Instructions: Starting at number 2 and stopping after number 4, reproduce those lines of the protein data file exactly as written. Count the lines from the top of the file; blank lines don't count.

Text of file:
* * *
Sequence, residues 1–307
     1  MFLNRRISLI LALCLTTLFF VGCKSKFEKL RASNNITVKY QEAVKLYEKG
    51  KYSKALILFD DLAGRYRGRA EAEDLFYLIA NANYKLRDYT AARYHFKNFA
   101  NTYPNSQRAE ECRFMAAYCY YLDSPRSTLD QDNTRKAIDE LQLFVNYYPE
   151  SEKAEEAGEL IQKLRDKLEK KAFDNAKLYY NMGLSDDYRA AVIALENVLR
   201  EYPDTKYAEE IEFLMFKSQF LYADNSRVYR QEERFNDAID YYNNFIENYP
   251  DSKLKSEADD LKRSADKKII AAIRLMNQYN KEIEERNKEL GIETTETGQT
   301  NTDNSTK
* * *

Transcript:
     1  MFLNRRISLI LALCLTTLFF VGCKSKFEKL RASNNITVKY QEAVKLYEKG
    51  KYSKALILFD DLAGRYRGRA EAEDLFYLIA NANYKLRDYT AARYHFKNFA
   101  NTYPNSQRAE ECRFMAAYCY YLDSPRSTLD QDNTRKAIDE LQLFVNYYPE